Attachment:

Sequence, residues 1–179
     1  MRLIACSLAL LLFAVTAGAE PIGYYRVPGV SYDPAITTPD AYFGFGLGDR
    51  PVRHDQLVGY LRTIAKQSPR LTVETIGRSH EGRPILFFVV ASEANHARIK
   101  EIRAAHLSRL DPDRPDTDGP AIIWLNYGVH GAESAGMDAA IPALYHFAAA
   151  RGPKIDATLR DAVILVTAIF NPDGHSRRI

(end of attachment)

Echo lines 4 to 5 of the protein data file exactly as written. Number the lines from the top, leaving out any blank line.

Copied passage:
   101  EIRAAHLSRL DPDRPDTDGP AIIWLNYGVH GAESAGMDAA IPALYHFAAA
   151  RGPKIDATLR DAVILVTAIF NPDGHSRRI